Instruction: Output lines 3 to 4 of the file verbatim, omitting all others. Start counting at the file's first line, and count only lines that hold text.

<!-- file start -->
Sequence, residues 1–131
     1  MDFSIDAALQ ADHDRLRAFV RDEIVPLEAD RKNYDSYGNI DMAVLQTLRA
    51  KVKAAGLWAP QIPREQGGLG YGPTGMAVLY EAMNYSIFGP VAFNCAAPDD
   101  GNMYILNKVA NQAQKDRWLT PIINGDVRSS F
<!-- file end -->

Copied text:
    51  KVKAAGLWAP QIPREQGGLG YGPTGMAVLY EAMNYSIFGP VAFNCAAPDD
   101  GNMYILNKVA NQAQKDRWLT PIINGDVRSS F